This episode of KCC had some unusual appearing lesions that made a logical approach to the radiographs all the more important. See if you can come up with some differential diagnoses from the description, before you look at the answers!
12 year old female neutered West Highland White Terrier with difficulty breathing.
On thoracic radiographs, there is increased soft tissue opacity in the cranial mediastinum and superimposed over the left cranial heart on the d/v projection. The right heart is enlarged and the pulmonary vessels appear small. There is a diffuse interstitial pulmonary pattern and the thorax appears hypoinflated. The soft tissue opacity associated with the cardiac silhouette is most likely the main pulmonary artery. Differential diagnoses include breed-associated pulmonary fibrosis with secondary right heart hypertophy, or less likely a cranial mediastinal mass. Diagnosis: pulmonary fibrosis with severe pulmonary hypertension. Comment: On echocardiogram, look for pulmonic regurgitation with a velocity of 2.2 m/s to diagnose pulmonary hypertension.
10 year old domestic short hair cat with chronic respiratory issues and cough.
There is increased soft tissue opacity in the cranial thorax occupying the area of the cranial lung lobes bilaterally. The soft tissue opacity is imixed with multifocal nodular mineral opacities which also extend into the aerated portions of the lung. Some of the mineral opacities have a linear pattern which may repesent an airway association. The caudal lung lobes are hyperinflated, with a severe bronchial pattern. The carina is displaced cranially by the hyperinflated caudal lung lobes. The pleural surfaces of the caudal lung lobes are rounded and retracted from the chest wall. The cardiac silhouette is obscured by the lung pathology. Differential diagnoses include inflammatory airway disease with granulomatous change, dystrophic mineralization, +/- pulmonary neoplasia. The airway obstruction is likely causing atelectasis of the cranial lung lobes, and there appears to be a component of pleural fibrosis although there is no pleural effusion visible at this time. Diagnosis: chronic lower airway inflammation.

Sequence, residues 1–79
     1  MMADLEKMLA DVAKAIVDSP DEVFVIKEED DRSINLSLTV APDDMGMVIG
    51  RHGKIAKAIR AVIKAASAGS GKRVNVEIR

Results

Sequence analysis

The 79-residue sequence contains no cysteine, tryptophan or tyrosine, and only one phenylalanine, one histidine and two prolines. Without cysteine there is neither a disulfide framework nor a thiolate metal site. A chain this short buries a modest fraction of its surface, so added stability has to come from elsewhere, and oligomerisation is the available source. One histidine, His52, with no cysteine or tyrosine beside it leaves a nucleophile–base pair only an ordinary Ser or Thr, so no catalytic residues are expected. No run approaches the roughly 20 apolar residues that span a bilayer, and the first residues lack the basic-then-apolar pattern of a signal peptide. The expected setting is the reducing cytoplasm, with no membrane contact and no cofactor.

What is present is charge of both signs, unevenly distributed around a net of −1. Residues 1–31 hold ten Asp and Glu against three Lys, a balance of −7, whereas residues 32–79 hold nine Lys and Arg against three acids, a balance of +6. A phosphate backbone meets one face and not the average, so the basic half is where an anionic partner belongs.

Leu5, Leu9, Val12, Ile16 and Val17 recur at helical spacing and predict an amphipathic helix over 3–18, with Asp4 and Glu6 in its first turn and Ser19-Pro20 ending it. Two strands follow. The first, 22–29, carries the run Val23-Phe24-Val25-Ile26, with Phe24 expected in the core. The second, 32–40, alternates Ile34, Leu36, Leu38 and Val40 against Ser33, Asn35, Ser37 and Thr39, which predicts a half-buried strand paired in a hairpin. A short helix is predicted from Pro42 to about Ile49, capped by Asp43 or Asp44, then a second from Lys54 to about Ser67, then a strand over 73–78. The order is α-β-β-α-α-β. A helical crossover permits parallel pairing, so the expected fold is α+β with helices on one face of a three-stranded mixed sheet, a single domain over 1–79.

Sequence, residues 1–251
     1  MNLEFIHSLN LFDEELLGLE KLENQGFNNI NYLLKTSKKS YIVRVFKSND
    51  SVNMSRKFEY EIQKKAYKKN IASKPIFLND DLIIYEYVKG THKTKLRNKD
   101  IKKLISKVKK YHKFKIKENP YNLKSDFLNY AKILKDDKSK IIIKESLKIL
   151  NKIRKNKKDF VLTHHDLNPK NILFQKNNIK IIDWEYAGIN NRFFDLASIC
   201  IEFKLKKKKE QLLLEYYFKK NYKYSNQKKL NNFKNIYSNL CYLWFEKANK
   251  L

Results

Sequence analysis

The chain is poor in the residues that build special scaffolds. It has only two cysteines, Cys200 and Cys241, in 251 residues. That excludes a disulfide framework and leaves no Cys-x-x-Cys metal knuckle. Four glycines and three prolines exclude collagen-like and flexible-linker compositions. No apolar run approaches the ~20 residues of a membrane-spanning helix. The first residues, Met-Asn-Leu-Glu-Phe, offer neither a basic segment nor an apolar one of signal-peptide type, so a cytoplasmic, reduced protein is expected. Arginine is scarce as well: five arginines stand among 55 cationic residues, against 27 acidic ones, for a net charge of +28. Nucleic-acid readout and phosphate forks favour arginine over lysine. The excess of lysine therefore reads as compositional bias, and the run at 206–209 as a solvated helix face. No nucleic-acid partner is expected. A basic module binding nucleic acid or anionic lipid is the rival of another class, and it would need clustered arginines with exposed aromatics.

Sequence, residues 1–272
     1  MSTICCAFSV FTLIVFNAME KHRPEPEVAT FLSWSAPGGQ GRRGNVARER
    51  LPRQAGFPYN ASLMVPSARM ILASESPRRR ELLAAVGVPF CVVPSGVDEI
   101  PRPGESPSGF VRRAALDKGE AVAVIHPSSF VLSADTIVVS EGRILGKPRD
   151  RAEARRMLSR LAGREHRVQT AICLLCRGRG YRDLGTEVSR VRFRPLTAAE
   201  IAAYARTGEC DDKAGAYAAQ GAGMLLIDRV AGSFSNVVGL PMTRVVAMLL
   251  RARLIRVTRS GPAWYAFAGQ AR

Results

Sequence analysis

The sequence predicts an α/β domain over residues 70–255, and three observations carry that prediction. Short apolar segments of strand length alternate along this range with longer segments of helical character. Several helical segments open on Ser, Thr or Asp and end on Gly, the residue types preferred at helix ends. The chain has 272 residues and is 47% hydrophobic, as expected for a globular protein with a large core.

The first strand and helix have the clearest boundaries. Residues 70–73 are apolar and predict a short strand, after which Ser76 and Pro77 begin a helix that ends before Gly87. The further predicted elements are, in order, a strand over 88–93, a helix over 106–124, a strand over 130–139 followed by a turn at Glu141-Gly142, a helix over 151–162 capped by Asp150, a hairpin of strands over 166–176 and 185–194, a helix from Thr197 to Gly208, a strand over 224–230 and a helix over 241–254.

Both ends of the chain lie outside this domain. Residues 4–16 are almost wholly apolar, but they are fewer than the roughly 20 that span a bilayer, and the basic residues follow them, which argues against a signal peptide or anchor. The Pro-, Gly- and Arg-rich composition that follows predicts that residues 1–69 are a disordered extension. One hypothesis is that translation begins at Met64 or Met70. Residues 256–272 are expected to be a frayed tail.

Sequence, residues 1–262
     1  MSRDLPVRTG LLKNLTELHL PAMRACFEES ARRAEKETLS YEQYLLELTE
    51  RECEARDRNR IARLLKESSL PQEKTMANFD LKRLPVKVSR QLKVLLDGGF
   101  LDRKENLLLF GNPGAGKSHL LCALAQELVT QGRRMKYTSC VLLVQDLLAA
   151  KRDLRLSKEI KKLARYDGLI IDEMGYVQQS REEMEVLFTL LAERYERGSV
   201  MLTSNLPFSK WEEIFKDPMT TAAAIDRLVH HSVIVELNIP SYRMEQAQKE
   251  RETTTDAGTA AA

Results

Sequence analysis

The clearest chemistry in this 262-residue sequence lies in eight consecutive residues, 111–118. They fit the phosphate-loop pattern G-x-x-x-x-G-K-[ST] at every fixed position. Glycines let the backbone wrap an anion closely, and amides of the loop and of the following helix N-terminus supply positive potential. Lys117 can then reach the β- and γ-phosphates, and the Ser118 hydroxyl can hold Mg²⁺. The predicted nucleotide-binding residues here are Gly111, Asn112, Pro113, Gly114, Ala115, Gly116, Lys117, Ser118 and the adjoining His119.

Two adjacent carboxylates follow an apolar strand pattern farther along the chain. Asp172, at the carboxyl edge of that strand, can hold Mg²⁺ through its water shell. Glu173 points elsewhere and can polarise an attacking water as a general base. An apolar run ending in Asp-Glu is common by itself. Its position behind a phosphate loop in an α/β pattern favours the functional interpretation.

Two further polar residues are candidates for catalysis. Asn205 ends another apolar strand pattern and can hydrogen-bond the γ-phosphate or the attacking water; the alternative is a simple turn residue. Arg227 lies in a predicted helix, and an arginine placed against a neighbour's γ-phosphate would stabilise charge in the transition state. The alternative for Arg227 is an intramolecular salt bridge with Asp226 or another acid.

1 year old Quarter Horse gelding holding his head low.
There are moderate osteophytes at the facettes of C6-7 with an irregular, vertical radiolucent line superimposed over the joint. There is a step defect of the ventral vertebral canal at this level. A collimated projection was requested and showed the osteophytes to extend cranially over the lamina of C6. Differential diagnoses include a fracture and cervical spondylomyelopathy. Since there is no history of neurologic defecits a congenital vertebral malformation is less likely. Next steps could include nuclear scintigraphy to assess bone activity, CT to look at stenosis of the canal and search for fractures, or a myelogram to evaluate for spinal cord compression. A CT examination showed a fracture of the right vertebral facet of C6. The fracture line is irregular and widened, and there is varying bone density of the surrounding bone with periosteal proliferation. Diagnosis: chronic fracture with degenerative changes. The lucent area between the fragments and the osteolysis was likely due to a fibrous malunion. Comment: look for vertical lines since the normal facet joints are angled caudodorsally.
10 year old female neutered Basset Hound with lethargy and painful abdomen.
On radiographs, there is extensive bridging spondylosis of the lumbar spine. There is increased, streaky soft tissue opacity in the retroperitoneal space with a mass effect. There is also streaky soft tissue opacity in the peritoneal space, though the effect is much milder. On the v/d projection, the left kidney is enlarged. There is no normal left kidney visible. The descending colon is displaced ventrally supporting a left retroperitoneal mass. Radiographic diagnosis is retroperitoneal mass, with retroperitoneal and peritoneal effusion. Origins for the mass include the kidney, adrenal gland, or retroperitoneal tissues (hemangiosarcoma). Differentials include neoplasia (primary, metastatic) with effusion or hemorrhage, renal obstruction with uroretroperitoneum, pyelonephritis with associated inflammatory disease. Recommend abdominal ultrasound to positively identify the organ of origin and evaluate and sample tissue and fluid, and thoracic radiographs. Diagnosis: adrenal cortical carcinoma with hemorrhage.